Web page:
This dramatic reading is a re-imagining of two of Abraham’s wives—Sarah and Hagar. It attempts to both respect and conflate the various interpretations of each woman in Jewish, Christian and Muslim religions, and among the African-American community. The women are trying to explain their historical lives, understand their present identities, and the connections between the two. The beginning and end should have a serious tone, while the middle sections are more conversational, as if they are figuring things out along with us.
It was originally performed by Elsa Peters and Stacy Smith at Union Theological Seminary in New York City in May 2006.
(The two women start seated in chairs about three feet from one another, facing straight forward. They are unaware of the other one when they begin speaking.)
SARAH: In the greatest sense of myself
HAGAR: With a clear vision of my own identity
SARAH: I am not myself
HAGAR: I see that I am not a person
SARAH: I am not a woman, with a birth and a life and a death
HAGAR: I am not even a slave
SARAH: I am not Hebrew
HAGAR: I am not Egyptian
SARAH: My name is not Sarai
HAGAR: I am not called Hagar
SARAH: Or Sarah
HAGAR: Or Hajar
SARAH: I am the matriarch
HAGAR: I am the matriarch
SARAH: I am Jewish and I am Christian
HAGAR: I am Muslim and I am African
SARAH: I bear the birth of my people
HAGAR: In my own history
SARAH: And so I am honored
HAGAR: I am revered
SARAH: But I am despised
HAGAR: And I am shamed
SARAH: But it was not always so. There was a time when I was a person. Barely a person, only a woman, not a mother. But I had a home and a husband. My husband had no need of children; he was content in life and so was I. Looking back, I’m almost embarrassed to admit our lineage was of little importance to us back then. We always did swim against the current, I suppose. And there were expectations, no doubt they were there, but we paid them little attention. We lived a life, and it was ours.
HAGAR: I never had much of anything. Everything was always…I really don’t know whose it was, but it was never mine. I’m sorry, I don’t remember much from those days. A lot has happened since then, and it’s hard to remember myself as a person. But I was, I know I was. There was a time when I lived, and I lived free and happy. It wasn’t much. I was a woman and a slave, so back then I meant very little. But there was a place in time that was mine, a series of moments where I walked and talked and lived. At least I had that much.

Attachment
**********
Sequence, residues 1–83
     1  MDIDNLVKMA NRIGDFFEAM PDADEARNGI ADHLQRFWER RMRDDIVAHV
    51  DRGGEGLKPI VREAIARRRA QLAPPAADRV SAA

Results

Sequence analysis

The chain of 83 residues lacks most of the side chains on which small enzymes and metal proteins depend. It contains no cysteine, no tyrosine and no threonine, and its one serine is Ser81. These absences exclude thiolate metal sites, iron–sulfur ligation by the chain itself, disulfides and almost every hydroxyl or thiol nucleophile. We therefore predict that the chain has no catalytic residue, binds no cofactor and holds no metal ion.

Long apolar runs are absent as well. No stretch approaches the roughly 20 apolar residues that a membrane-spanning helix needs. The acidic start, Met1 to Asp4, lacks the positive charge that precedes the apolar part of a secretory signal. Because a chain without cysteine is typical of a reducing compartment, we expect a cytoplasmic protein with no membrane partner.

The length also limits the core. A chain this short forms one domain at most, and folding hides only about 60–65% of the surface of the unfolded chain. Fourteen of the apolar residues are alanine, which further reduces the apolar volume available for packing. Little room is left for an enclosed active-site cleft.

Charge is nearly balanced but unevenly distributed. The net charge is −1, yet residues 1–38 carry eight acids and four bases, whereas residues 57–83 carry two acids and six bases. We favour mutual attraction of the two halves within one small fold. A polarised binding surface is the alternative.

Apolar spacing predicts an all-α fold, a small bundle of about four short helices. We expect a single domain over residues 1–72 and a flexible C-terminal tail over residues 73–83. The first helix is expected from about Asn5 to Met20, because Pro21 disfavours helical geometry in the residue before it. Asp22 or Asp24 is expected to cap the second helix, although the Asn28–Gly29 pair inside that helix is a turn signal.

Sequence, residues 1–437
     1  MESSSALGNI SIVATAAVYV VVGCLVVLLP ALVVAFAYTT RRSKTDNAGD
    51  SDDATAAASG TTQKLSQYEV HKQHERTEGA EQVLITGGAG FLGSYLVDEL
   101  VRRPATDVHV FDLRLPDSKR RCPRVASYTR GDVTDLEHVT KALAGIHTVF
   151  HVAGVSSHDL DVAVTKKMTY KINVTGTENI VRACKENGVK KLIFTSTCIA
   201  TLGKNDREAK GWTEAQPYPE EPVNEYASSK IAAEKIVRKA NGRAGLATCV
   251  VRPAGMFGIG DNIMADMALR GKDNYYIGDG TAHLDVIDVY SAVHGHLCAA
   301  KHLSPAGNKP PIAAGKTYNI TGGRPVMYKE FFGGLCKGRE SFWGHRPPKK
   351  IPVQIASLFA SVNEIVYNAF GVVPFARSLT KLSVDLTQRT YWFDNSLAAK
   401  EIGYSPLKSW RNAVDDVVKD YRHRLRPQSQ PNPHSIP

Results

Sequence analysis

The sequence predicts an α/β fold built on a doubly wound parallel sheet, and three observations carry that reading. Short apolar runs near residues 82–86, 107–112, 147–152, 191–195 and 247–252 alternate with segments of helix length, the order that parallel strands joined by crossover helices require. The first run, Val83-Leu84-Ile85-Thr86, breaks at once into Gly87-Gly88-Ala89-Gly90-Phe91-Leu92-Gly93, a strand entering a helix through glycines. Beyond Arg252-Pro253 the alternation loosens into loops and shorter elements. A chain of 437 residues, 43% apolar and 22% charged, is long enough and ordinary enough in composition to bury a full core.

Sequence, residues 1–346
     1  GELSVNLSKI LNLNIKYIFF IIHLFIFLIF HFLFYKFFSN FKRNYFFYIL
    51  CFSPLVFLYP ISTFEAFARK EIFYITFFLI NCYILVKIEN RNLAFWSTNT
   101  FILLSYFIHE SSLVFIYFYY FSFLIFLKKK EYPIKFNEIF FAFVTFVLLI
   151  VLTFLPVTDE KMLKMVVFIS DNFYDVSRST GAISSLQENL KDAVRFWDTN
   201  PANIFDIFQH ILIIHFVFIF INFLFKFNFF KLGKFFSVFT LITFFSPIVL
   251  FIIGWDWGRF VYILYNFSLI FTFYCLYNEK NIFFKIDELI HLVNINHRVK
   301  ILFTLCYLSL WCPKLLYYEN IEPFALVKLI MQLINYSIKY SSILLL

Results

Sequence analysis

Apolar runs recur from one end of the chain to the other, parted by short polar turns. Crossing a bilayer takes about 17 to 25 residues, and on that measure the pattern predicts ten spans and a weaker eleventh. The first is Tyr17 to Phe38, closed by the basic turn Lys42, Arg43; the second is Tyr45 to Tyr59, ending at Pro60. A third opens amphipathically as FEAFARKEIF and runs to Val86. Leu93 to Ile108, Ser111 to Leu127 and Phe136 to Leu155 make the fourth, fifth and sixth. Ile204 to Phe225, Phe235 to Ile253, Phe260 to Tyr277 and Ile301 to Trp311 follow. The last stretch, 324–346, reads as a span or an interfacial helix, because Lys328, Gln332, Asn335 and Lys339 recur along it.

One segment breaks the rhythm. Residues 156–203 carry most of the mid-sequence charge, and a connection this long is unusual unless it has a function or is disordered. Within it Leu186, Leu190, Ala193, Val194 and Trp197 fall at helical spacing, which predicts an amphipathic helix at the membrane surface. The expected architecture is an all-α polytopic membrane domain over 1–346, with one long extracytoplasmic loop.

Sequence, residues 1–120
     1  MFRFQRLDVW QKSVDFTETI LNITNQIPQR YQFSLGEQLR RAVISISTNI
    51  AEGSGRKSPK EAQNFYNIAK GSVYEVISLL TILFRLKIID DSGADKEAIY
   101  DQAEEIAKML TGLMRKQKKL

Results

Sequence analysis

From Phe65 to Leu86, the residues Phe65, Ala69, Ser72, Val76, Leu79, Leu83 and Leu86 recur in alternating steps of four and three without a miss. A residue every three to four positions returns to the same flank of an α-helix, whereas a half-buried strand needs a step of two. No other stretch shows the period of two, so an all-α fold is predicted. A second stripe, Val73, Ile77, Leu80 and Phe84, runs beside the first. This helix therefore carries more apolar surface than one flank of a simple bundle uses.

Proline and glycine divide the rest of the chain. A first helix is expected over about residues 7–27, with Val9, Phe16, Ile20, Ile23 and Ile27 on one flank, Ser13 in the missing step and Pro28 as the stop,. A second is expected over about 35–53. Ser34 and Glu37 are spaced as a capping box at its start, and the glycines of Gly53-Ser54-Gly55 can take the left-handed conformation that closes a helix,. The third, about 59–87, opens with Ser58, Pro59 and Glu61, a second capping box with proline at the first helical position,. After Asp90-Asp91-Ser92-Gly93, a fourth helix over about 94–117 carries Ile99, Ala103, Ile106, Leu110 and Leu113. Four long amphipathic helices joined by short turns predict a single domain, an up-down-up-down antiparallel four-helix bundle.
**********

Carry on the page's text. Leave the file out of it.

SARAH: And then He came along. I say “He” because I think only a man could mess up a woman’s life that badly. No woman would do that to another woman. Well, no woman except for me, I suppose. But what was I supposed to do? He promised my husband a family. From where? Not from my husband, but from me. My body was not my own anymore. Maybe it never really was. Maybe He made me barren from the beginning just to make this whole thing happen, I don’t know. But I felt like it was mine. And now, without a question, without a thought to me and my life, now I have to produce a son, somehow. I had no choice.
HAGAR: I won’t pretend the situation in which I gave birth was a good one. I won’t pretend it didn’t hurt, and even though I loved my son, I’ll never say that I wasn’t full of rage and frustration at my own powerlessness. She gave me to her husband. Like a present, with a big red bow. Whatever piece of myself I had was gone.
SARAH: I did give her to my husband, but you already know that don’t you? I won’t pretend the situation was a good one, although sometimes I think if Ishmael had been a daughter we wouldn’t be in this mess. But I know what some of you think of me. I mean, for some of you I’m the chosen one, the one who overcomes obstacles to do the right thing. But I also know that some of you see me like the villain. I guess in some way that’s fair. But when I was in that life, I didn’t know what else to do. I wasn’t your mother back then. I was no one’s mother. I wasn’t respected or esteemed. I was just an old barren woman. And I thought that this was a path, a way through although no way really existed. At least not for me, not then, not in that life.